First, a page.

Validating Ideas: Proof-of-Concept
I like to think of a Proof-of-Concept like a science experiment. Full disclosure: I only like to THINK of it that way… I’d probably be a terrible scientist. Every Proof-of-Concept (or POC for short) starts with a theory or concept (I’ll bet you didn’t see that coming…). The POC is our experiment to prove whether or not our idea really is feasible and that people are actually interested in it. That’s a big deal early in a project. Even the greatest ideas need to be tested against the real world and the sooner we do so the better.
In a lot of ways, our POC is less related to our final product and more about a decision-making process. We don’t need a fully viable product to prove a concept. In fact, we want the absolute bare minimum investment to let us know if we’re heading in the right direction at all. I’ve mentioned the power of feedback before; the POC is another great tool for gaining access to the feedback loop very early in a project.
So what do we want to put in a proof of concept? Every project is its own beast, and exactly how much you need to be confident in it can be completely different from one to the next. The key is in identifying those pieces in your project you aren’t absolutely certain about; assumptions you have made about your customers which may or may not prove to be true. For every assumption, look at the bare minimum you need to test that and have a measurable result.
Note: This is a tough one because there are a lot of REALLY important pieces of our project which may/should/must be excluded from this. It doesn’t mean they’re any less important to an MVP or a final product, but they don’t belong in the POC. We tend to look at what we’re trying to build, but the POC and the MVP are not the final product. What’s important to the final product may have no place in them.
You’ll notice I said “measurable”. This is why I like to relate the process to science. Scientists follow an exacting process to ensure valid and measurable results. A proof-of-concept is no different. You need a question you want an answer for. You need a plan for taking this to the right market and testing out your concept. You must have a definitive answer for your question, otherwise, you’re wasting time and money. No one wants to do that.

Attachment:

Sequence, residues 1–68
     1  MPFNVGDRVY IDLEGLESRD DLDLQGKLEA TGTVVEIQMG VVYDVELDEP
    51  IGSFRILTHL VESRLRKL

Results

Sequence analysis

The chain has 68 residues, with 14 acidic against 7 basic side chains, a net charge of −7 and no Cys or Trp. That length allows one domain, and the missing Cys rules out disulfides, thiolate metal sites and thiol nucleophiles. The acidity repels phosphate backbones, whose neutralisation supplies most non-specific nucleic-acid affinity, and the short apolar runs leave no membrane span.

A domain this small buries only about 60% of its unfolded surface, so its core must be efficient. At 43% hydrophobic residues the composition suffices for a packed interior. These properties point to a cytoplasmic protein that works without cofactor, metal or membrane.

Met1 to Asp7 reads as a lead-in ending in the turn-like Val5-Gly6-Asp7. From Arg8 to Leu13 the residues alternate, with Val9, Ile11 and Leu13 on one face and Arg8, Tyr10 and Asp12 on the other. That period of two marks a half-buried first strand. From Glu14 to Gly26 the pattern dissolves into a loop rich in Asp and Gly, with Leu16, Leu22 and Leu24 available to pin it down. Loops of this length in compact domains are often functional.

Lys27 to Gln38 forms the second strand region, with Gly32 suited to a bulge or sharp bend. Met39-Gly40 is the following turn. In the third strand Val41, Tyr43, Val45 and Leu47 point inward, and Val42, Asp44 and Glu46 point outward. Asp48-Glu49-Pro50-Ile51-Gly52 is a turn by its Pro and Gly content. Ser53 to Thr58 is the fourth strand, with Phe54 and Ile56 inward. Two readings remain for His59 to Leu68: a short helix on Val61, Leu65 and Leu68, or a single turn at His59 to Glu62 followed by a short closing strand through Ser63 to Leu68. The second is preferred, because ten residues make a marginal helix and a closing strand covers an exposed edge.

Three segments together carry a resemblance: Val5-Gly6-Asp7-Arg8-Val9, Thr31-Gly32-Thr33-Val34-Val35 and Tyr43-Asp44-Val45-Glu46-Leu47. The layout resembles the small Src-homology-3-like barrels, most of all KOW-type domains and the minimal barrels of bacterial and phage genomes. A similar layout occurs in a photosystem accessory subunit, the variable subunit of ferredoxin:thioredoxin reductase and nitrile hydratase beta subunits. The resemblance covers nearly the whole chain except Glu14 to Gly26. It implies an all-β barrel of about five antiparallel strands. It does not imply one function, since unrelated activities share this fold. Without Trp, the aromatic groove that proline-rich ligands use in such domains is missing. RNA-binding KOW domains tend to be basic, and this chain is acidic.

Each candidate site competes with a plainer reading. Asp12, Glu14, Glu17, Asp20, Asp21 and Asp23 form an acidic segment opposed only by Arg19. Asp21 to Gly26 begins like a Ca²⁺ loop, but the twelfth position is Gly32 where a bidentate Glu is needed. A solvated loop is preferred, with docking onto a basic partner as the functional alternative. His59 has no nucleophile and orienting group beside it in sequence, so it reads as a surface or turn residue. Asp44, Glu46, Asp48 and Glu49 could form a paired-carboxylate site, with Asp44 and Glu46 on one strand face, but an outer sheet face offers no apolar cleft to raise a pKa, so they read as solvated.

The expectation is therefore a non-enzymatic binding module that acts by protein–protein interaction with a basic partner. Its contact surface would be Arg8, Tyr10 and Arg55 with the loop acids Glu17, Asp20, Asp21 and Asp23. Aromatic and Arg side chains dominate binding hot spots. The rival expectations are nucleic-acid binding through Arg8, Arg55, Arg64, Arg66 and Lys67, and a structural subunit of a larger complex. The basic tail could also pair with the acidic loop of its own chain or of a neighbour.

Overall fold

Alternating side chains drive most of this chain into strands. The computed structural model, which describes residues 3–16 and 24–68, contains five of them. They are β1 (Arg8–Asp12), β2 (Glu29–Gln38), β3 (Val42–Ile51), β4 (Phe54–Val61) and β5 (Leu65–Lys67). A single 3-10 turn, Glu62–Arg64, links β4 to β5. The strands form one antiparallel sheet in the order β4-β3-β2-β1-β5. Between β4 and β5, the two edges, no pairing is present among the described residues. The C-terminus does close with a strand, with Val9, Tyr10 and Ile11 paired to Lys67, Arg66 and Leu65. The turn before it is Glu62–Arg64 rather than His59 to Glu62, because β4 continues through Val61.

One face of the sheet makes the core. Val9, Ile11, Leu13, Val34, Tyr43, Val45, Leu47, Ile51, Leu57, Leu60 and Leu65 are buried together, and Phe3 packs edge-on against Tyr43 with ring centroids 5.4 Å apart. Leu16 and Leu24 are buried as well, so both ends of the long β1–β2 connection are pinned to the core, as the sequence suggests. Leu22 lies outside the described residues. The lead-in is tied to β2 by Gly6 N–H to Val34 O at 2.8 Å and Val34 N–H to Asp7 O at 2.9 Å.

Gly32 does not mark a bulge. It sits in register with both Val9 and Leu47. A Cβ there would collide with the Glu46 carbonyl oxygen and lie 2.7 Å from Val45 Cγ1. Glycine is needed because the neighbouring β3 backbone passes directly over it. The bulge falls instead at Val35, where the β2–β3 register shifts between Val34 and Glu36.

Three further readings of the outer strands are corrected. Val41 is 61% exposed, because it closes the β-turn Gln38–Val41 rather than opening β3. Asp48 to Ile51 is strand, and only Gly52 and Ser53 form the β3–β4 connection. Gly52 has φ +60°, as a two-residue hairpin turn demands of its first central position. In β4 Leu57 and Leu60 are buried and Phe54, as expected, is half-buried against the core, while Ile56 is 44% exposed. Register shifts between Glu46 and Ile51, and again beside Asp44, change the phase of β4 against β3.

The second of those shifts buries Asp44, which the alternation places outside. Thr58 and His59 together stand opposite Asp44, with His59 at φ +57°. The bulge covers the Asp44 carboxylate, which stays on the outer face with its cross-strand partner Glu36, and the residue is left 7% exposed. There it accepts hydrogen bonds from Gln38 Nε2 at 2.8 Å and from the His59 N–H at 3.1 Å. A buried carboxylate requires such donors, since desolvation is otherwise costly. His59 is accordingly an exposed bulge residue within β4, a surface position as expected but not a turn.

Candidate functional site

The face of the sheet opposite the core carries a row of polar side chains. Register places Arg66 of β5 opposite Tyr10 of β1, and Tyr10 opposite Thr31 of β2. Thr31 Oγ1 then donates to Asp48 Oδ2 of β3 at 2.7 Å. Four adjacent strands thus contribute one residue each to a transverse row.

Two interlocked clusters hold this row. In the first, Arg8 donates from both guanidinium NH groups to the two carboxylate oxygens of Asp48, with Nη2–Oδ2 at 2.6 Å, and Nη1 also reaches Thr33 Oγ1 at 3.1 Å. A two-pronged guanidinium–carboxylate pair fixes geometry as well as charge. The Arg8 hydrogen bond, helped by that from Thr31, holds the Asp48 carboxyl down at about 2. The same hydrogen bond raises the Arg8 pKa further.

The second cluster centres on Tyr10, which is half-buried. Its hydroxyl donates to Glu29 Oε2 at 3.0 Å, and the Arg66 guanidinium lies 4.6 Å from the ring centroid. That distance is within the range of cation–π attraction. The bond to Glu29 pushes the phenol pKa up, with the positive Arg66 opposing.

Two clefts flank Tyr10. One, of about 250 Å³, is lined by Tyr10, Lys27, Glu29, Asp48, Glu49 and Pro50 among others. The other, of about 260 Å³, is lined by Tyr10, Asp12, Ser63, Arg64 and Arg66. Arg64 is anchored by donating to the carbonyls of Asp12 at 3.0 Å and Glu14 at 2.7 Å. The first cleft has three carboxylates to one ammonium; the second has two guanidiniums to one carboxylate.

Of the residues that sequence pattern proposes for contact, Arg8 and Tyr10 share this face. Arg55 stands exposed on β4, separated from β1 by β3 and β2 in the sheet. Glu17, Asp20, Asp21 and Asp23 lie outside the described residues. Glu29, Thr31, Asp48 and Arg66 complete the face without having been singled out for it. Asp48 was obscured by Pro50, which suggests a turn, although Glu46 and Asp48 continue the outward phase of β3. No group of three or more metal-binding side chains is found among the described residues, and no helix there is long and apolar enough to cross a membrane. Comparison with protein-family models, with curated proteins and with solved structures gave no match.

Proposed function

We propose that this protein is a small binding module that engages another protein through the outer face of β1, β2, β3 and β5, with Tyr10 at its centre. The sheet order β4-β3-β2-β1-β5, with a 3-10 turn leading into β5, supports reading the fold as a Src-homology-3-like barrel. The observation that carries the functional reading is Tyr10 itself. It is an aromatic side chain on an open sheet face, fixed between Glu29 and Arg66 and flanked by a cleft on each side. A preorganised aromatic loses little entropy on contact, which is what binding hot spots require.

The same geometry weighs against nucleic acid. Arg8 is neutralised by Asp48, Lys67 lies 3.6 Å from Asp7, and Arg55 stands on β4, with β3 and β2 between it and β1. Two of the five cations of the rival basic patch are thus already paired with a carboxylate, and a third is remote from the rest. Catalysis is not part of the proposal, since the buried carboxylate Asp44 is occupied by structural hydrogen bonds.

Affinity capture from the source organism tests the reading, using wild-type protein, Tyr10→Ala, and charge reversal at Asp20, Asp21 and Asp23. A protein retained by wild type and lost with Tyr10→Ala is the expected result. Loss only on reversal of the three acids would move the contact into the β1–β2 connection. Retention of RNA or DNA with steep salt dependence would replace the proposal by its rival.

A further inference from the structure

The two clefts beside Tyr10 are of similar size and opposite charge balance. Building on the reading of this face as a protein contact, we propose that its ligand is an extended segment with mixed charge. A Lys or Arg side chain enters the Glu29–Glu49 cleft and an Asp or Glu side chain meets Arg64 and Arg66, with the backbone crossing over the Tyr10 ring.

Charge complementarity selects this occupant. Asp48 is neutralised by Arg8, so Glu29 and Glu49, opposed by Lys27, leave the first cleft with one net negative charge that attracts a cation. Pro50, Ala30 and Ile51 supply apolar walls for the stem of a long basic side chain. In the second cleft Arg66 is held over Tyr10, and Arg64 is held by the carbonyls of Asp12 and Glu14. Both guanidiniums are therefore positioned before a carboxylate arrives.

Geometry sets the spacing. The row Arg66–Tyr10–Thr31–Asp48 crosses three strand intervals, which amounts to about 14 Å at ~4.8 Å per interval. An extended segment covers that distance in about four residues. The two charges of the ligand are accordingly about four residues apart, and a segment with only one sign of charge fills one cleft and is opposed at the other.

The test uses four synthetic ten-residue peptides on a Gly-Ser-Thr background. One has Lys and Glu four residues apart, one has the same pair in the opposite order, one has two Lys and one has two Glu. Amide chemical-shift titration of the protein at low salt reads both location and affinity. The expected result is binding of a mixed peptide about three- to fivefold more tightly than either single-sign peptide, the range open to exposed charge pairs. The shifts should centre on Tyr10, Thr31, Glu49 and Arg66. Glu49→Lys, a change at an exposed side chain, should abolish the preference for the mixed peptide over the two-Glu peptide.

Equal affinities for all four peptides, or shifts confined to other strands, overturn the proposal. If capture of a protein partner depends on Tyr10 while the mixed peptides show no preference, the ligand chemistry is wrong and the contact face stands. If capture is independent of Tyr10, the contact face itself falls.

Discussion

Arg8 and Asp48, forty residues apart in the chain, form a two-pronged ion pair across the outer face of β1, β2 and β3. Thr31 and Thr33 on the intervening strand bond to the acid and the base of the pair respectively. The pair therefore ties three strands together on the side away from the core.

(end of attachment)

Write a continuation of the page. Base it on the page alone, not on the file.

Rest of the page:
I’ve simplified the scientific method a lot here… please forgive me. For a POC, we must ask a question, this is our concept. “We believe people ______.” We then need to design a minimal test around that. What is the bare minimum you could do to find out whether real people who might be interested in your final product would “______”? Once you’ve designed your test, find your early adopters, friends, family, anyone who’s relevant and perform your test. Get their feedback, record it, look at the different angles and variables, record, wash, rinse, repeat.
The result of this should be thorough validation and/or lessons learned early in the project before you’ve built a lot of product no one wants. This will provide feedback, angles/options tested, suggestions for moving forward. Even if your POC completely validates your theories, you’re tapped into the feedback loop now and should already be responsive to your audience and adjusting your goals to suit.
A proof of concept is a way to test your idea or product without spending a huge amount of time and money building a full product, but it’s so much more. It’s an extremely powerful process that can help you build a better product and can save you a lot of money on the way there. Take it seriously. Don’t scrimp on it, don’t be afraid of it, and absolutely don’t underestimate the value it brings to the table.